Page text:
Kokomo Tribune; Kokomo, Indiana

December 28, 2012

DAY: Adoption: For love of another

By Ray Day
Tribune columnist

— Sometimes I receive some pretty good questions about my thoughts on a certain topic. One of my readers is an adopted child. He wanted to know if I had any personal feelings about adoption.

Here is a subject that requires a lot of thought.

First, if you say the wrong thing, you could break that person’s heart, or you could break the heart of those two people who chose to adopt that child into their family. My feeling is there are times when things happen for a reason, and that when a child is adopted, he or she is done so with love by two people who want to share their love and their life with another person.

Sometimes you have to look at the full picture to find out why this came about in the first place. I believe in angels, and my belief is that when a child is born, he or she is an angel sent by God to two wonderful people who will spend most of the rest of their lives nurturing that child with love and devotion.

But there are times when a mother will decide she can’t care for that child in the way that is needed, and so she gives that child away for adoption so her child can have a better way of life. My thought on this is that if God did not think it was a good idea, he would have let her know in some way. That mother gave her child away out of love in most cases, because she knew she could not take care of it.

So when these two adoptive parents decide they want to adopt a child, they are doing it out of love and also because they were destined to do so with the will of God.

As the years go by, the child will naturally wonder if he or she were abandoned or given up because they were not loved. My thought on that is that he or she was loved enough by the natural mother that she gave that child a chance at a better life. God works in mysterious ways, and sometimes it is better to just accept it and go on with your life.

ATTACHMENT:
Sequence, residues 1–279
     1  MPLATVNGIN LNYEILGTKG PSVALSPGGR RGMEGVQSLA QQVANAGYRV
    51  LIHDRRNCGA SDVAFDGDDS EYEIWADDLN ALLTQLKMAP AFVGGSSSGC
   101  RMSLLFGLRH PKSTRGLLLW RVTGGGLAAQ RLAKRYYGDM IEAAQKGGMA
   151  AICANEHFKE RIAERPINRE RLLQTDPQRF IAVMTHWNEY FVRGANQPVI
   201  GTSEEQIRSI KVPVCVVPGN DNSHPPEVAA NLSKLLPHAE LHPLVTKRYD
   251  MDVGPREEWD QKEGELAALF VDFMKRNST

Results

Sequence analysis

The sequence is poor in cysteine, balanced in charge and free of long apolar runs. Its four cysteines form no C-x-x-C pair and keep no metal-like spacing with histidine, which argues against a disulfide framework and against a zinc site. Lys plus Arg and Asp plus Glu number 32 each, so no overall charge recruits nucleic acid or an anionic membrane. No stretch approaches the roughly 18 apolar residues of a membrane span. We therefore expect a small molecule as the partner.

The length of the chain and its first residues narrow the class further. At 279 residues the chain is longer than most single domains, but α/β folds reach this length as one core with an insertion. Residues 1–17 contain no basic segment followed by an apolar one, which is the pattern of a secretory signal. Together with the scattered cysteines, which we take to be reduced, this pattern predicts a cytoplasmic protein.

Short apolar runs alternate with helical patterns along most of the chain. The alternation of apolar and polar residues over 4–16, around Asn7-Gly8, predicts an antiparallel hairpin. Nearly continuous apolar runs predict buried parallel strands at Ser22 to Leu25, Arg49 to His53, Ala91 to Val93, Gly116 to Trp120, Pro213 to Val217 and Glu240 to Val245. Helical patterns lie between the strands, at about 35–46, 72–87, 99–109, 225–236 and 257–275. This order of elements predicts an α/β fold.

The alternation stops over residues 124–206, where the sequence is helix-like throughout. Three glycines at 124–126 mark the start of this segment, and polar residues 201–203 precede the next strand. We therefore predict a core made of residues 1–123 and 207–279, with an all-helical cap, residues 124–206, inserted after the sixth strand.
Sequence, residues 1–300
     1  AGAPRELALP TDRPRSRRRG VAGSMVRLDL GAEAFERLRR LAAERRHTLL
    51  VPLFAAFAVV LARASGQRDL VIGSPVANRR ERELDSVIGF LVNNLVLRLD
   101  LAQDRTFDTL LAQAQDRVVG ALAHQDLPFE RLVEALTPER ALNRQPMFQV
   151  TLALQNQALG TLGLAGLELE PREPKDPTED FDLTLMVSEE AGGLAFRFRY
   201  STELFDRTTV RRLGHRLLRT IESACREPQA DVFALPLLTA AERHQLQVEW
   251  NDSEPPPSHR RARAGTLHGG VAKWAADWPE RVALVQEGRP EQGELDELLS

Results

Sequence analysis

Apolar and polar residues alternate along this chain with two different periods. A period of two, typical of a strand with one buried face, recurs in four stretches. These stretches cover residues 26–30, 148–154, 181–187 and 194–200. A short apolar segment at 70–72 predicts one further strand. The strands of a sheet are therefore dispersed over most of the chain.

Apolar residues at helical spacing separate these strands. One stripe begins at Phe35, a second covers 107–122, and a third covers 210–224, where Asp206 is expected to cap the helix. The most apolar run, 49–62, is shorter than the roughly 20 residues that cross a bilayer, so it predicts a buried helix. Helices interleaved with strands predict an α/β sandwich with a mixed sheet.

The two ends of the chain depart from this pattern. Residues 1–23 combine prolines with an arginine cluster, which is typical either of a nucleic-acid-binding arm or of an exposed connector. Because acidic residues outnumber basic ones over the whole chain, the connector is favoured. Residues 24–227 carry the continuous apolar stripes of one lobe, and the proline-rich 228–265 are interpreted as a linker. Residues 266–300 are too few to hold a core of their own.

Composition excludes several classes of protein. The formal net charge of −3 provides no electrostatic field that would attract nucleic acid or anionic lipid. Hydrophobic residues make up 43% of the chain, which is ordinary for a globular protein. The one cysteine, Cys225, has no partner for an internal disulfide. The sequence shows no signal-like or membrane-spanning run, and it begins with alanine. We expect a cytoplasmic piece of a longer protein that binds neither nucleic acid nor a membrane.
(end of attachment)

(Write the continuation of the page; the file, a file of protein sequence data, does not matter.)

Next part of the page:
But what happens when that child starts wanting to look for the natural mother, and asks questions that will hurt the feelings of the adoptive parents? Adopted children wonder if their natural mother really cares about them, and so they start looking for her. For some adoptive parents, that can cause some bad feelings and, for some, that child will receive some help from his adoptive parents in trying to locate the natural mother.

Whether there will be some problems between the child and both sets of parents depends on how the search started and for what reason. Sometimes there is a medical reason behind the search, and that is OK in my book, but I have to look at this in the way that I would feel.

If a child I adopted and loved for all these years decided he or she wanted to find the natural parent, I would feel hurt because it was myself and my wife who chose that child to love and raise. The key words here are chose and love.

They chose you and they loved you, and just maybe the search for the natural mother should not start. Only those who are involved can make that decision. If that child and the adoptive parents can be comfortable with it, then start the search. But be aware that somewhere down the line, someone will be hurt, and my thought on that is that you have to use some common sense in this matter.

I do believe that time heals most hurts and blossoms the love of one to another. To be chosen is to be loved.

Ray “Uncle Ray” Day is a weekly contributor to the Kokomo Tribune. Contact him at uncleray@earthlink.net.